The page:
Peter Harrison


Peter Harrison, Democrat for Congress, waits for a downtown train. His transit plan would make all public transit free, at a cost of $1.7 trillion over 10 years to the federal government.

The first votes in New York’s 2020 Congressional primaries are four months off: Early voting begins June 13 for the federal and state legislative races that will be decided June 23. That makes it hard to say who among the candidates now in the field will still be there when voters get to have their say.

Already the field in the 12th district, which links the Upper East Side to slices of Western Queens and northern Brooklyn and has been represented since 1993 by Rep. Carolyn Maloney, has shrunk: On February 7, former state legislative aide and anti-sexual-harassment advocate Erica Vladimer withdrew from the race. That leaves the incumbent Rep. Maloney, Suraj Patel (who performed well in the 2018), comedian/activist Lauren Ashcraft and tenant/transit advocate Peter Harrison.

At least when it comes to the dollars and cents, Harrison’s campaign apparatus is dwarfed by all of his rivals’. Patel and Maloney each had more than $320,000 on hand at last count. Ashcraft trailed far behind with $47,000. Harrison had just about $13,000.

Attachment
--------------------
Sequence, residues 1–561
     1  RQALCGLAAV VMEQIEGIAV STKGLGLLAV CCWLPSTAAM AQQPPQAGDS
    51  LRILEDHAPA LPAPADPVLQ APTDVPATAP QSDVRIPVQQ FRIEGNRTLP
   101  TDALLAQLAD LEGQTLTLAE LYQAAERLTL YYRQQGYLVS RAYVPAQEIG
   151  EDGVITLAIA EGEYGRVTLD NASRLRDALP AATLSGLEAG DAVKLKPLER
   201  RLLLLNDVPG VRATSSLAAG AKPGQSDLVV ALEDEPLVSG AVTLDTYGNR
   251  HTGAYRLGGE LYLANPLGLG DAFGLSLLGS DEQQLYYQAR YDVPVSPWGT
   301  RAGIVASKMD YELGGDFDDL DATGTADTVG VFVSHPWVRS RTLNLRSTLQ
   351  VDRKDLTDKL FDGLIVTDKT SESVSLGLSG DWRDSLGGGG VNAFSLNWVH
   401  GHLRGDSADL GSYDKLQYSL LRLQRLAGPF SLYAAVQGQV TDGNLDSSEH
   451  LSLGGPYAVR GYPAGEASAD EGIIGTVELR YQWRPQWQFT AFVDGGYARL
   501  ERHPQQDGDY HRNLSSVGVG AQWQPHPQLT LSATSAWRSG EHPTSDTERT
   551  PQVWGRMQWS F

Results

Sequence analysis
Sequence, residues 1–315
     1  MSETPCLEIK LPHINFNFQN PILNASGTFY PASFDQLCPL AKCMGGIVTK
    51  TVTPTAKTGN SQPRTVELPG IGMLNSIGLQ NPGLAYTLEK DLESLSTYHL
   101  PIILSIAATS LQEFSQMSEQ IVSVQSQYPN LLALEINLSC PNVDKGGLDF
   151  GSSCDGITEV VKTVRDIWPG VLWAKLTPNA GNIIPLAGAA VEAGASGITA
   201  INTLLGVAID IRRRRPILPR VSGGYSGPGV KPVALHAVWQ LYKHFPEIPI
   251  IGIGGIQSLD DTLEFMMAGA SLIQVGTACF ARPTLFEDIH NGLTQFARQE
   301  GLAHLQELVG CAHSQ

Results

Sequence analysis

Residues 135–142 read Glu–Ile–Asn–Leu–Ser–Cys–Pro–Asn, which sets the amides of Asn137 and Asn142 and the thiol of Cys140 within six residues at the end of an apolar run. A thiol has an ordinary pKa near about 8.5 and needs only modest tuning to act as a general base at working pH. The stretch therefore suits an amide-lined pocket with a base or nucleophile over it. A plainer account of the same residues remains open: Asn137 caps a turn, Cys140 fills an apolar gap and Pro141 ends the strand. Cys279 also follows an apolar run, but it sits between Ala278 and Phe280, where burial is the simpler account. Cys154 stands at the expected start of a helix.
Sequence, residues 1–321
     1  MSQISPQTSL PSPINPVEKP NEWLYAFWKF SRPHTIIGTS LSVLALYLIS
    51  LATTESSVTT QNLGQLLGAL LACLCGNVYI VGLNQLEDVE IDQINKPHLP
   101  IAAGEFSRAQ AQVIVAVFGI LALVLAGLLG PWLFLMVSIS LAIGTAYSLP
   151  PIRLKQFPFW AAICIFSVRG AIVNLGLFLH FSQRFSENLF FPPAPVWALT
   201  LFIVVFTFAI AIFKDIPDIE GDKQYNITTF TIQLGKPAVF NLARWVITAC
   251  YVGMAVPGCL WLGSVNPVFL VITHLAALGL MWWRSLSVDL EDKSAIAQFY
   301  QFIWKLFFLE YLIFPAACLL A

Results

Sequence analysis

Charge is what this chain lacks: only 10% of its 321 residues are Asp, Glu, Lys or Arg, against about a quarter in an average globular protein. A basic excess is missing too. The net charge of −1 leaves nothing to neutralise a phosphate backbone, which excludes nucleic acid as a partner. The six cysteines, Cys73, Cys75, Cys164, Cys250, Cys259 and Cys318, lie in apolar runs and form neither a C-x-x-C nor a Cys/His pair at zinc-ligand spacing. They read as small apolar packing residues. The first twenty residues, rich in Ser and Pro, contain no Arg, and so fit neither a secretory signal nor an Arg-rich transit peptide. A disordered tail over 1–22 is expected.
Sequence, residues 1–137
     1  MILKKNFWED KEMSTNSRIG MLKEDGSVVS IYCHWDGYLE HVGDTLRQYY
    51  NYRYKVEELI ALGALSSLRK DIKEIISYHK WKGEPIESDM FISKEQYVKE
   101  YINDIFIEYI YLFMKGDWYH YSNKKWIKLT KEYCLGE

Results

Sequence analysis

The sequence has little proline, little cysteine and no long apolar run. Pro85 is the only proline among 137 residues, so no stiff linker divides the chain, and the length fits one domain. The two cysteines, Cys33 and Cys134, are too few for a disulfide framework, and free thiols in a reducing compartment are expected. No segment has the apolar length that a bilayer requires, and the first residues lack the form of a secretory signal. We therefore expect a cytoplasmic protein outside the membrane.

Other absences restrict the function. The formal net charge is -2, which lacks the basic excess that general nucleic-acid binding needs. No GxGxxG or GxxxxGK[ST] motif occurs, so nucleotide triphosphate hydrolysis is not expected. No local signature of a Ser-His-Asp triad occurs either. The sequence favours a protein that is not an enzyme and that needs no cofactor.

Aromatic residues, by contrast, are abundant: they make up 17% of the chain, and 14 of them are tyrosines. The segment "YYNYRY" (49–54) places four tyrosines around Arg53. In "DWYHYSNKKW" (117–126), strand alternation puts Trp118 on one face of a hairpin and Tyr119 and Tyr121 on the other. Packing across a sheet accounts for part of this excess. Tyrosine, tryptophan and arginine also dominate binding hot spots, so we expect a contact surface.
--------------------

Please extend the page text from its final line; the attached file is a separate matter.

What Harrison lacks in money and name recognition he is hoping to make up with bold ideas like cancelling all student debt and reimbursing past debt payments, abolishing ICE and opening the the country to all immigrants, decriminalizing sex work, and building 10 million new homes.

The heart of Harrison’s plan is a $1.7 trillion initiative to make all public transportation free and accessible. On Friday, he spoke with City Limits about the plan in an apropos setting: on an uptown 6 train.

Ashcraft has also called for “nationalizing and upgrading all public transit and making public transit usage free for all,” although Harrison has provided slightly more detail on how to get there. Patel’s platform links to a 2018 post calling for a more modest approach: “a federal program to fund subsidized mass transit nationally, for every individual under the federal poverty line, in every city in this country with mass public transit.”

Maloney was a major voice pushing for the Second Avenue subway for decades. She “has brought billions back to New York’s 12th district,” according to her campaign website. “Her infrastructure projects  have transformed not just how we move around New York City, but the entire New York region,” her literature says. “She’ll keep pushing for fully ADA-accessible compliant public transit, adding protected bike lanes, and pushing green infrastructure and jobs training to help New Yorkers get where they need to be.”

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